He added that data will be closely scrutinized at an upcoming Alzheimer’s conference next month, where the Lilly data will be presented, including biomarkers that can be directly compared to results that Biogen will present from its own Phase 1 trial. “Look for parallels in both drugs’ ability to reduce amyloid plaques,” he wrote. “The primary selling point for [the Biogen drug] has been the dose-dependent reduction in plaques. The company’s best hope is that solanezumab failed to show an impact” on plaques.

This post was updated to include a comment from Baird analyst Brian Skorney.

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  • Trying to develop treatments for diseases we don’t have a solid consensus on the pathogenesis/pathophysiology has nothing to do with science.

    That’s you Wallstreet-bullshit-bingo betraying patients (participating in the respective clinical trials) and wasting time and resources. The rush to the bedside is nothing but the try to press more money out of the system. Same with these nonsense “real-world” clinical trials potentially coming into play with faster drug approval.

    Bad science, driven by even worse marketing results in trash drugs, usually totally overpriced.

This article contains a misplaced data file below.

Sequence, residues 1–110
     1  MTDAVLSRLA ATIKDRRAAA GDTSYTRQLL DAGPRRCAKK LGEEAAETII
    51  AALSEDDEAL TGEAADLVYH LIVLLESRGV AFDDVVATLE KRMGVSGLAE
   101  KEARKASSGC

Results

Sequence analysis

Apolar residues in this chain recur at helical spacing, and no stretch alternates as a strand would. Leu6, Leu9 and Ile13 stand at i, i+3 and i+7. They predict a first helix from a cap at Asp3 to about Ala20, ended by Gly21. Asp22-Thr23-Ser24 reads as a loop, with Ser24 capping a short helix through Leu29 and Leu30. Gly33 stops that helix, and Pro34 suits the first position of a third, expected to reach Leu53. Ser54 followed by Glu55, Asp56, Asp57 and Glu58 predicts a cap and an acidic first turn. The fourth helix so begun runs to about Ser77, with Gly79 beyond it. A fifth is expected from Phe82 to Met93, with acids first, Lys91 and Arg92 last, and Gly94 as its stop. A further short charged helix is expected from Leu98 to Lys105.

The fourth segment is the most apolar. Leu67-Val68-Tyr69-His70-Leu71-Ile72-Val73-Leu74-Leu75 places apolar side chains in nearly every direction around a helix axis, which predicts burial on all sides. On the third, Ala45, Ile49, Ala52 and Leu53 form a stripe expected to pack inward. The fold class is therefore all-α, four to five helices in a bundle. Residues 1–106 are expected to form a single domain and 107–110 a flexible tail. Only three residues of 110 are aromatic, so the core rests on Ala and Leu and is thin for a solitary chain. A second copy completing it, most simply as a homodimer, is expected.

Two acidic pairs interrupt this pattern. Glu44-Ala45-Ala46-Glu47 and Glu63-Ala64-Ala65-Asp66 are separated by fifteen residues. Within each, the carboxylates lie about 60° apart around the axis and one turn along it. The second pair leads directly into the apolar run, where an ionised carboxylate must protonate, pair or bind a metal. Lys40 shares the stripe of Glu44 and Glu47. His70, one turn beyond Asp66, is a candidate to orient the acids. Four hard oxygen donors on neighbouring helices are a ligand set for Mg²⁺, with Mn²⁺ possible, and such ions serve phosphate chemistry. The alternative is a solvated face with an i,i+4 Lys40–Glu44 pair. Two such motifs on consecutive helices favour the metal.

• These days Pharma operates on three principals 1) Throwing s*it on the wall and see what sticks, 2) wetting your thumb (presumably disinfected after being pulled out of butt) and holding it in the air, and the Lewis Carroll corollary to Pharma research: take any road and you’ll eventually get where you’re going.

    • 20-20- hindsight. If the beta-amyloid hypothesis had turned out to be correct and pharma had not spent the resources to develop a drug, they would equally be criticized for not having the foresight to do so. Given the 7~10 year timeline for developing a drug, you do not wait for a solid consensus to emerge if you think the idea might work. We are always testing ideas that are at least a decade old, but if you wait, then treatments can be delayed by decades.